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hallowmann

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I suspect it's 10k/year which got misinterpreted. I remember seeing the HoA on my house when buying and thinking "hell no" and then finding out it was annual instead of monthly, which ends up being super reasonable.
This is instantly what came to mind.

Also, I thought the same thing when I saw my HOA fees listed as $$$/mo. I was like wow, I hope we're getting a lot for that. Come time to sign the mortgage it was actually $$$/year and the HOA was so inactive that they had a surplus and I didn't start getting charged it until my 3rd year here.
 
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Candidate2017

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Can you break this down into math? If not, this is just pie in the sky.
The par for insurance in my area is well into the 300s hourly insurance reimbursement, whether you do three 20 min med mgt visits/hour or two 30 med therapy combined visits. 7.5 to 8 patient hours a day, 5 days a week. I know 2 psychiatrists from these clinics. The PP owners, usually social workers or psychologists, are very saavy and make $500,000 to $1 mil off their cut from psychiatrists and have no use for someone looking for part time work.

I'm not sure why you think this is pie in the sky. Back in med school the student gossip about the richest doctors at our hospital were the inpatient psychiatrists. They were rumored to push high six figs working cardiology hours (cover 2 units, take call, work 5.5-6 days a week).
 
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@Candidate2017 As long as you understand the math behind it. What you have written is a good start. There is a difference between theoretical and actual after accounting for split and inefficiencies and no shows and collections and whatnot.
 
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I don't know. They provide billing and let you use their EMR. Their office staff schedules your appointments. I think Prior Authorizations are really difficult and time consuming. They don't call in refills for you.

I'm confused by this. Aren't the refills through EMR so really all you have to do is sign?


I'm currently in the drop phase with one company that was paying similar for a 99213 and barely better for a 99214.

A big volume of my patient panel, but when I review the relative work involved for these patients to the payment, just isn't worth it. Frustrating when knowing I jumped thru the hoops they wanted to get higher rates but nothing. No response. Even had one person say they would expedite things after I submitted my Out of Network / drop letter. Still nothing.

Which company is this that's paying so little for 99213-4? That's crazy low.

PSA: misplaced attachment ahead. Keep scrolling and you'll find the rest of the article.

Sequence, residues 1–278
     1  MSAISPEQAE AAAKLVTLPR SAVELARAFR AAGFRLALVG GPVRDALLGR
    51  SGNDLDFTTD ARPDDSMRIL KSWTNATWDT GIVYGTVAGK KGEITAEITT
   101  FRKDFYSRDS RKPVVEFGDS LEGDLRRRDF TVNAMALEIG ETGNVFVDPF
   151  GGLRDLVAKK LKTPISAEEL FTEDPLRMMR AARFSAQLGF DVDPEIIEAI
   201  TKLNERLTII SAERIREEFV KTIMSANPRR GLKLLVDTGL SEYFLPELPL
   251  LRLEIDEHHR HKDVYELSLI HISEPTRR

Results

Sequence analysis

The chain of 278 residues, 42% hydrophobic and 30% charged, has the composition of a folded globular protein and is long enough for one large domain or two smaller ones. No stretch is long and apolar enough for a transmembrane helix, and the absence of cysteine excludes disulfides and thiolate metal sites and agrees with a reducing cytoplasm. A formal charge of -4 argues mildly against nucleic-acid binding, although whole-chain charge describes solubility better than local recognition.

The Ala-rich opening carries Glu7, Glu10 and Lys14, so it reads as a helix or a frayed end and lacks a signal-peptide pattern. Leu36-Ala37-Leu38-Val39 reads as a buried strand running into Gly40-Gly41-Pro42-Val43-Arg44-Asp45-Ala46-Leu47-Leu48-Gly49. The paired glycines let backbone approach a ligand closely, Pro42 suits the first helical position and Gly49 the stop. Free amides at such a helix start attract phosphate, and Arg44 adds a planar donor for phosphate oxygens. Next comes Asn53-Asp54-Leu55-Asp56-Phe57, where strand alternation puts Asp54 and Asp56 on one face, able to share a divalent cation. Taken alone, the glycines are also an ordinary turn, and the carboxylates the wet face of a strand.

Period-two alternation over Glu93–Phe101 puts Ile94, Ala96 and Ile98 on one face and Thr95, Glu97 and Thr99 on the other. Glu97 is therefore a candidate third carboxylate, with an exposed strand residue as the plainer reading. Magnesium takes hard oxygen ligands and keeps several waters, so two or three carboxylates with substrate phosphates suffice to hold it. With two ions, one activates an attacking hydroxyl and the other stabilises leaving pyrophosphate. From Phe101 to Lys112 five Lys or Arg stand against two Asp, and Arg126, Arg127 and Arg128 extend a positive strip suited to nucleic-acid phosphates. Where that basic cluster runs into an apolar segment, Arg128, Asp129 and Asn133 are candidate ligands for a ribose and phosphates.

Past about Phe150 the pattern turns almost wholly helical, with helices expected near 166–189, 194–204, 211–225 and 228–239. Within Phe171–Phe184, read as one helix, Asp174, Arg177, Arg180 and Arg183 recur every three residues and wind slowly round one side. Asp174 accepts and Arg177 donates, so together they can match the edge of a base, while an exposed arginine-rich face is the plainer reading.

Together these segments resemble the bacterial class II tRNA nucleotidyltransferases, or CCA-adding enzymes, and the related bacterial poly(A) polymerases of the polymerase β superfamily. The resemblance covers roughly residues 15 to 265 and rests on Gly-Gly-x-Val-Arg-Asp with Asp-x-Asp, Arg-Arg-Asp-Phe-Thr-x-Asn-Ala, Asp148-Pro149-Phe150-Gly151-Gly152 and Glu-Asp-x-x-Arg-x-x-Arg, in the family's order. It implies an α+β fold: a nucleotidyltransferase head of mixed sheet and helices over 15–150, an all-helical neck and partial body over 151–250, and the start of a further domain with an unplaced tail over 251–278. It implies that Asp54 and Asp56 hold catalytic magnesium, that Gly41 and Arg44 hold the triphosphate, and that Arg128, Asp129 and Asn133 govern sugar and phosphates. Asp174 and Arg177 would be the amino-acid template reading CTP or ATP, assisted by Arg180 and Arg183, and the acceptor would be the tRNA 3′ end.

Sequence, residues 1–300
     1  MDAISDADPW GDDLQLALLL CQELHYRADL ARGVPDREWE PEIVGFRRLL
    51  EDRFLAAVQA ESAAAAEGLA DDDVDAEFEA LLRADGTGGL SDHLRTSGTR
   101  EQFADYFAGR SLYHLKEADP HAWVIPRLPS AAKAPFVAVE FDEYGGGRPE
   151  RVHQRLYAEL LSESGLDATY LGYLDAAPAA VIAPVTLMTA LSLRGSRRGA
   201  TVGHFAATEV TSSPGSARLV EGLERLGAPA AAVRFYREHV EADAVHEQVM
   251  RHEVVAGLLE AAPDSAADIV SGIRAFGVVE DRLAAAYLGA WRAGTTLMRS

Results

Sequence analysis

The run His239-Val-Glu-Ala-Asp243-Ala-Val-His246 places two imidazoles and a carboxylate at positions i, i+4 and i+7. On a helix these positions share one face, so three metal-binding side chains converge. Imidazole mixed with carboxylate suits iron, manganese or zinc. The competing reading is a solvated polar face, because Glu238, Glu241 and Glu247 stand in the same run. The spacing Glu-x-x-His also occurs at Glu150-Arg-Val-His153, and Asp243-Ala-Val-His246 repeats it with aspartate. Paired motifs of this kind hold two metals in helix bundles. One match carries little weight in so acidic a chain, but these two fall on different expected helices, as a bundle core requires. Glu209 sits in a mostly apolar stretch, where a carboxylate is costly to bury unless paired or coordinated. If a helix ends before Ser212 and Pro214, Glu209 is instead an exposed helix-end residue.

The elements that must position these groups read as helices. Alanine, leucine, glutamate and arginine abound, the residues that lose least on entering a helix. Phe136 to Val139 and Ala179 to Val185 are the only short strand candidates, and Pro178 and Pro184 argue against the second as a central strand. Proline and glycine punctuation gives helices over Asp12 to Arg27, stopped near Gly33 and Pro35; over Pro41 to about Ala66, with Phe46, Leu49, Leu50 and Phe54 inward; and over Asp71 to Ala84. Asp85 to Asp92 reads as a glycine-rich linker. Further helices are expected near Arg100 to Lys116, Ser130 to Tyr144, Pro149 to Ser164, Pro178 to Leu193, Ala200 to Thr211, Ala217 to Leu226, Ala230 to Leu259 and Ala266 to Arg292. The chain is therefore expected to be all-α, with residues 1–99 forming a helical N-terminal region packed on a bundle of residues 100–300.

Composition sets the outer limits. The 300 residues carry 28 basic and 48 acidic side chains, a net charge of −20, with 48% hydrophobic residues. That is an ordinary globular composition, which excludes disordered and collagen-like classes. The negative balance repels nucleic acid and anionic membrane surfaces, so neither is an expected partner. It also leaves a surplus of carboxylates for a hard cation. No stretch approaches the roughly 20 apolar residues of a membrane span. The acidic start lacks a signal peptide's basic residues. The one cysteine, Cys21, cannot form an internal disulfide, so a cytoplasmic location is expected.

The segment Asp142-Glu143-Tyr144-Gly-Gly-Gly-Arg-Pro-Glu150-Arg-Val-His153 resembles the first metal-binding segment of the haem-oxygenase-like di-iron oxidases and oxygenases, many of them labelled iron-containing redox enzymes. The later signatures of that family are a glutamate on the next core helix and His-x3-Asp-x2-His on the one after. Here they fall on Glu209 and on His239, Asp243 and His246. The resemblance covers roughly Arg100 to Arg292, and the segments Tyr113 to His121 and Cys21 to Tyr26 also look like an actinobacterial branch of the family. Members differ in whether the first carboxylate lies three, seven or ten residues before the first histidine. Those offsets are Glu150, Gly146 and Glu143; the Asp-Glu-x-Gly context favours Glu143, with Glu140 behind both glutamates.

CMH wants full time. Malpractice in the country in the clinic where she is costs 10 k a month I think. She's estimating I will make 25-35k a month.. She's the one who quoted 10 k a month malpractice, which would bring me down to 15-25k a month , malpractice is really expensive in the location where her office is located. I have a micro practice an hour from home because malpractice is so much less.

I'll join the chorus in telling you that you likely misunderstood. 10k/month really isn't a thing in psych, even in the richest places in the country, unless your would-be boss has been severely taken advantage of and doesn't know it. Malpractice rates for psych should be under 10k/year for reference. If it's more, I'd walk.
 

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I'm confused by this. Aren't the refills through EMR so really all you have to do is sign?




Which company is this that's paying so little for 99213-4? That's crazy low.



I'll join the chorus in telling you that you likely misunderstood. 10k/month really isn't a thing in psych, even in the richest places in the country, unless your would-be boss has been severely taken advantage of and doesn't know it. Malpractice rates for psych should be under 10k/year for reference. If it's more, I'd walk.
At the clinic where I work you need to fill out forms for prior authorizations or call. The clinic where I am a locums, the receptionists do everything for refills and all I have to do is click. At this other private clinic, your patients email you and you use therapy notes to write that you filled it and some other system to prescribe. For my micro practice I use paper charts and rx pads. I usually do 99213, my biller said 99214 will trigger audits. I'm waiting for a quote. I only asked for it last Monday............ I pay 6400 a year for part time malpractice in a county that is cheaper. I know it's outrageous in other counties.
 

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~$2500/year for part time clinical hours, less than 20hrs. This is for the preferential occurrence based coverage.